What does the title "Overgrown" mean to you?
It probably doesn't have anything to do with "growing up." The lyric is "That is how it is / I don't want to be a star, but a stone on a shore / A lone door frame in the war / When everything's overgrown." So [it's] kind of post-apocalyptic, where the doorframe is the last thing left standing and there's no one left around to tend to the weeds and the grass and whatever. That's literally what it means. But I don't know what that metaphor stands for.
A sense of trying to hold on to some sort of permanence?
Well, that would fit very well with the press release, wouldn't it? [Laughs] But, um, I didn't write [the press release].
Press releases are hard to write! Especially when the new album is under lock and key.
My first album leaked four months beforehand, so Universal is getting pretty stringent. Although ironically the person to leak it was working for me. His sole job this time [was] to not leak it.
Will you still be performing live as a three-piece for the upcoming tour?
I'm really comfortable playing with Ben [Assister; percussion] and Rob [McAndrews; guitar]. I don't think we need any more people. It just feels right, all this time spent boiling these tracks down to three members.
You mentioned that "way" of recording music. This time around were you finding your recording was more hardware based?
I did use a bit more hardware for this record. The whole of the first record only used the computer and the MIDI keyboard, and the microphone... oh, and a dictaphone. This record used not a lot of hardware instruments, but hardware to make it sound as close as I could to what I was going for. So my production techniques developed a bit. I just went out and bought some shit to make it sounds good. [Laughs] That's it. Oh, I did use my Prophet, which I use on stage. The Prophet didn't get used anywhere on the first album because I didn't actually have it at the time, but with this album I almost exclusively used it.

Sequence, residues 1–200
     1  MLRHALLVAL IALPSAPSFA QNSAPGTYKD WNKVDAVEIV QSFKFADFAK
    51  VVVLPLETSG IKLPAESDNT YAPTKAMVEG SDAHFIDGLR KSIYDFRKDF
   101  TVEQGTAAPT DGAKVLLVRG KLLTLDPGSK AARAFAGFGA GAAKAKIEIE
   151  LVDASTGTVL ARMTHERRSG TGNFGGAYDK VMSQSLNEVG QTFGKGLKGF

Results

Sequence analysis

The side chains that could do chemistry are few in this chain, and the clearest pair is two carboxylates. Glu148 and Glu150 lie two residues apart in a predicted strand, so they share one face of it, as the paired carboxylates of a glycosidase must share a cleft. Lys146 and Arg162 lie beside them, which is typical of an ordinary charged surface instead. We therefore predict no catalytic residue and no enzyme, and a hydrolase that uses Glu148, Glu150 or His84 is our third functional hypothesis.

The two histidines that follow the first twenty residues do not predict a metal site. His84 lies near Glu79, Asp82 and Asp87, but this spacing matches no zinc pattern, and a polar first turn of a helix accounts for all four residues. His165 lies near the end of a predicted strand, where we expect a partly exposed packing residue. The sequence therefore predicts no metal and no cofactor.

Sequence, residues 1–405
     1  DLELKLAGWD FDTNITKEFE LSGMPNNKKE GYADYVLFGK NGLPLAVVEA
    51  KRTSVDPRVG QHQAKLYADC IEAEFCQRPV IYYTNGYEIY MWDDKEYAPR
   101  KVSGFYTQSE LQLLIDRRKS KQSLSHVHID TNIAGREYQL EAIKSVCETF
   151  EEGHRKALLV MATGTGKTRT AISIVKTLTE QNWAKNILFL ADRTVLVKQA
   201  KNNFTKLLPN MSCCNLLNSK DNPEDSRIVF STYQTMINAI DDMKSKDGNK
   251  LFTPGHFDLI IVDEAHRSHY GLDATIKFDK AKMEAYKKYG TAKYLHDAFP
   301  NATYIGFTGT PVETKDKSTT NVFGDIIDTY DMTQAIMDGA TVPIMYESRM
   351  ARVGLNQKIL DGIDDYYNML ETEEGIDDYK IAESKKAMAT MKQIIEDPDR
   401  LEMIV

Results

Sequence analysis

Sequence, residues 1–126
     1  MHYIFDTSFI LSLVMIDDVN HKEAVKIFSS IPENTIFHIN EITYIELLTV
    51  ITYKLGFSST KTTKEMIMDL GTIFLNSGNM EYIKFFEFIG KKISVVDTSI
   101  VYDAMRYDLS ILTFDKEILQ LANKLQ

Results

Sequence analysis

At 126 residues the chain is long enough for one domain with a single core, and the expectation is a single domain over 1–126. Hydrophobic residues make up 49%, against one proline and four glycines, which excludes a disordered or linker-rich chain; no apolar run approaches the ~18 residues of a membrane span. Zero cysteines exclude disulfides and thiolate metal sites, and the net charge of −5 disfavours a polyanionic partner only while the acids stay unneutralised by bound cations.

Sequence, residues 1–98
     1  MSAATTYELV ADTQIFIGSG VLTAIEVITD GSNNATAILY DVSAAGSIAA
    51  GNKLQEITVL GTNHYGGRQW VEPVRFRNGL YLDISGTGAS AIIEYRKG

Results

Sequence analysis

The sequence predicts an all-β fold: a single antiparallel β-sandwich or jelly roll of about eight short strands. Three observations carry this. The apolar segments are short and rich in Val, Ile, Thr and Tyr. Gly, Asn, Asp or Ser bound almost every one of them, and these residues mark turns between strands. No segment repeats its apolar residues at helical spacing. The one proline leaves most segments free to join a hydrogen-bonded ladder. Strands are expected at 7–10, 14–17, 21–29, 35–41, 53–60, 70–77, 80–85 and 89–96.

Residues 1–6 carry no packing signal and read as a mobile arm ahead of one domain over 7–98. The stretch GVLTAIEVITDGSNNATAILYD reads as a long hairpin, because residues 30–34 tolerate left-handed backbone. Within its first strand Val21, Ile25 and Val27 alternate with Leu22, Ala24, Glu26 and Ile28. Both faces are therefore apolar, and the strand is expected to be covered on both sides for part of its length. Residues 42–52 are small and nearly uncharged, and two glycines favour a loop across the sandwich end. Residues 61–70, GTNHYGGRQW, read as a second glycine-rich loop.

Is there a particular area of the US you've spent a good amount of time in that you'd like to return to?
Yeah, well, actually, all for different reasons. You know, it's so nice having everything in one place, where if you want to go skiing you can travel just about two hours north. It's so crazy what's actually here, the geology and the beauty of the environment... even if it's kinda built like a hot dog shop. It seems like there's a remedy to any feeling that you need to get out. Always a remedy town. Always somewhere else that offers you something you didn't have before.
I'm curious about the visual side of your music. Your portrait is so often the focus of your videos or album art, for example. It doesn't feel solipsistic, but more like a representation of the starkness of much of your music.
I just like to hand over the videos to directors. I didn't really go out thinking music videos were very important. I didn't really like the "rise" of the music video... sometimes it just makes the music seem completely pointless. In order to do the music videos to my own songs I have to detach myself from it and give the whole thing to somebody else. "OK, so, here, this is going to be yours." I always thought that if you love videos [as a musician] you have to not let it be [your] video and give it to somebody else.
That's a bit surprising because there's a popular impression you're something of a Renaissance Man...
[Pauses.] I mean, I write. I like the idea of writing something else. Maybe a handbook or something.